When students return to Bradford Elementary after the extended coronavirus-related closure, they will be greeted by a new leadership team, Superintendent Margaret Marotta said.

Principal Louise Perry, who came under fire in February from the Haverhill Education Association teachers union, has been “on administrative leave” from the school and is not expected to return once it reopens. Her last day at work was March 6.

Perry remains on administrative leave while the details of the remainder of her contract are worked out, Marotta said.

“Our search for a principal will be one of an anticipated opening,” she said.

Marotta said Perry will be replaced by Cathy Giles from New Hampshire’s Seaside Educational Consultants. Giles will act as interim principal until a new leader is chosen, Marotta said in a letter sent to families of the school's students last week.

Nicole McGrain will continue to serve as Bradford Elementary’s assistant principal.

“It is a chaotic and frightening time with many changes and moving parts. I apologize for not getting this letter out sooner,” the superintendent’s email said.

Word of Perry’s change in employment status comes six weeks after the teachers union issued a vote of “no confidence” in her leadership abilities in a scathing letter released via Haverhill Education Association President Anthony Parolisi on Feb. 14.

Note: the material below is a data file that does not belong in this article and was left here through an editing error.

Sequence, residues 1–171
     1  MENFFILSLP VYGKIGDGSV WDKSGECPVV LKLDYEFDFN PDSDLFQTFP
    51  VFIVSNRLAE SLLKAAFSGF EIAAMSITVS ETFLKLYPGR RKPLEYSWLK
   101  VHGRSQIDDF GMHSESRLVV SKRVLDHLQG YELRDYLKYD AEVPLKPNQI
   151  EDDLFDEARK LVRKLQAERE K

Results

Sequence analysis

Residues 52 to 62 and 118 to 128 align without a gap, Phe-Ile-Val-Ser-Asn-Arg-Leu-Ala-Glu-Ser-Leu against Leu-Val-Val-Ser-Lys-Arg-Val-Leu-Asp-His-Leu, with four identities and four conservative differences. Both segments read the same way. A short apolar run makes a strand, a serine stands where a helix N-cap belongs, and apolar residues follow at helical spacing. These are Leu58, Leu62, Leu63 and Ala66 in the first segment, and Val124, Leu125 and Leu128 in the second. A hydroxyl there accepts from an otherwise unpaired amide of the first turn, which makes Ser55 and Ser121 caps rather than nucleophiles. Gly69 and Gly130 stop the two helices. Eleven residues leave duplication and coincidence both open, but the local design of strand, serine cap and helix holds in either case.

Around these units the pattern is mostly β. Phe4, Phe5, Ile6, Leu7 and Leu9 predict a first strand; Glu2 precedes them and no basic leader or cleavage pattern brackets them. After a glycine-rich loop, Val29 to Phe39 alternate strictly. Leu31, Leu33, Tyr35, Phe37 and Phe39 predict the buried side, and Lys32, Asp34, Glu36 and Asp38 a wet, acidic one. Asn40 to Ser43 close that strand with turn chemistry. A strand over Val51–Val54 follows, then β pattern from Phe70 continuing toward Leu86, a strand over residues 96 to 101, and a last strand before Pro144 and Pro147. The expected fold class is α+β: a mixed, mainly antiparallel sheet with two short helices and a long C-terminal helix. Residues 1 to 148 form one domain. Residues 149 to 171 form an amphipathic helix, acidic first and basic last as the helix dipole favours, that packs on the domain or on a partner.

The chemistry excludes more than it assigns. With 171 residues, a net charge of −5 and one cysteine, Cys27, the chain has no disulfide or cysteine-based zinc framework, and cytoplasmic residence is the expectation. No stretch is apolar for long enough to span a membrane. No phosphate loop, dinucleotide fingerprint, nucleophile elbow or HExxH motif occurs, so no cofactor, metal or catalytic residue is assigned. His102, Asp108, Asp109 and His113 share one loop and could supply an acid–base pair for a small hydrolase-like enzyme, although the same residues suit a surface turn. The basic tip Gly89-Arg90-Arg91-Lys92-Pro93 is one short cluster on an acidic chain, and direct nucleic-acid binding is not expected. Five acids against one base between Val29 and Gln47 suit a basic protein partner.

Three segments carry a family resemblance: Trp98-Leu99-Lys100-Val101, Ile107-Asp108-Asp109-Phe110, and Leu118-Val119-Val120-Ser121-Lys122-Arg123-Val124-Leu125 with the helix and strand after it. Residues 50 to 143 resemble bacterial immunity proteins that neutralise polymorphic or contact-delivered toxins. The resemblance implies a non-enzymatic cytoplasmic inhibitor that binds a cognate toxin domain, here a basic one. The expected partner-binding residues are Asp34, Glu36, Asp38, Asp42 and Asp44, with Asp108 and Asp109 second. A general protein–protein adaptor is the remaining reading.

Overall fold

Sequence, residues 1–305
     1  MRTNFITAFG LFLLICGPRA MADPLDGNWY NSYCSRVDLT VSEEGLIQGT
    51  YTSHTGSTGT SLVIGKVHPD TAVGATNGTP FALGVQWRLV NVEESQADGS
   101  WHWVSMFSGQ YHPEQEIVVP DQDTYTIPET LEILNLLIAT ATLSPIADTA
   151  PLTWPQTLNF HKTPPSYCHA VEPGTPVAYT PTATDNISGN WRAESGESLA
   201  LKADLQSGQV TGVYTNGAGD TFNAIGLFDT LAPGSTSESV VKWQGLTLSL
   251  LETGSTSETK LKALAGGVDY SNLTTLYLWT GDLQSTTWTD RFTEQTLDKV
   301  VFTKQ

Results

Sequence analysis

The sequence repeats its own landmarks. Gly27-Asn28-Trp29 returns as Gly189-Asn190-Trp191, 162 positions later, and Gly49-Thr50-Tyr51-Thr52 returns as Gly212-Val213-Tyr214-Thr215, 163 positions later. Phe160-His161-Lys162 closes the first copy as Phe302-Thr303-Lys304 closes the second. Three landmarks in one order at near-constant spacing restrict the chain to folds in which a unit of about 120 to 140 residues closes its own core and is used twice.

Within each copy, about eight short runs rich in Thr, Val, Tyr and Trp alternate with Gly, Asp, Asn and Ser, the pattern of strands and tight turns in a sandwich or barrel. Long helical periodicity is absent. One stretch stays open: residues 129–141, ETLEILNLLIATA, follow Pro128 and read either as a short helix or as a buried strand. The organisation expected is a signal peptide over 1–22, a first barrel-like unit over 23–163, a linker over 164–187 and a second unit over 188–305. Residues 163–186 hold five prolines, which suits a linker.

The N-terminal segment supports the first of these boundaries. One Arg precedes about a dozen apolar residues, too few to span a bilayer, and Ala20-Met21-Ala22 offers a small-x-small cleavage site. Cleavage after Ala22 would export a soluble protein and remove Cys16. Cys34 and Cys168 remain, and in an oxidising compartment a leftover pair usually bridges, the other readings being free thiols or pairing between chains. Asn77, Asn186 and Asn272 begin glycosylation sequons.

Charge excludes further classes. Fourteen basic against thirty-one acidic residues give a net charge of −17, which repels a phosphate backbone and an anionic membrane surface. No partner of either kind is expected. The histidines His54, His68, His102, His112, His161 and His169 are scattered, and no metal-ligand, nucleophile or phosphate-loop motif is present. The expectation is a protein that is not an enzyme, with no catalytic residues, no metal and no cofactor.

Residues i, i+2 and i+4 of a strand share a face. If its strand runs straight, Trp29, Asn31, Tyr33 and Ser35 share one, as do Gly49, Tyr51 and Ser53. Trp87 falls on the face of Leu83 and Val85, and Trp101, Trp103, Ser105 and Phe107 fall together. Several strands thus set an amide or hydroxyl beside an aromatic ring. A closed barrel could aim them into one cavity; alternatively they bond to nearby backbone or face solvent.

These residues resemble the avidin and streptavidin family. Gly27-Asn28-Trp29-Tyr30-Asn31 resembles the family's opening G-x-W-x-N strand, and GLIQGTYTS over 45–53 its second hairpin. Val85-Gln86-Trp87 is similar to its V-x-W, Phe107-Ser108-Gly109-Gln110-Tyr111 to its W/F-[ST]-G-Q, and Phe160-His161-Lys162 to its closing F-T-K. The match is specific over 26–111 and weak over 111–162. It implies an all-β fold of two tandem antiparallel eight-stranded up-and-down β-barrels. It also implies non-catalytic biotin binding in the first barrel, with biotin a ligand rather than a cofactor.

In the teachers union letter, which Parolisi said was collaboratively written by Bradford Elementary union members, Perry is accused of making “racist and culturally insensitive comments” toward or in the presence of members of the school community. The letter also accused Perry of making derogatory comments about students with disabilities.

Perry has not publicly commented on the letter since its release, despite repeated requests from The Eagle-Tribune.

Once the letter was released, Marotta hired Giles to assist with conducting interviews with staff at the school to investigate the reported allegations. The district’s leadership team spent several days meeting with educators confidentially to hear their concerns and their investigation has concluded, Marotta said last week.

“We take our responsibility to have a positive and productive culture and climate in our schools very seriously,” she said.

Parolisi called Perry’s separation from the school a “big win” for Bradford Elementary students, staff and families.

“The situation there had become untenable and I’m sure there will be much relief knowing Ms. Perry is not going to return,” he said.

The union president said Giles is a welcome addition to the school.

“The members report she’s been friendly, approachable and knowledgeable,” Parolisi said of Giles.



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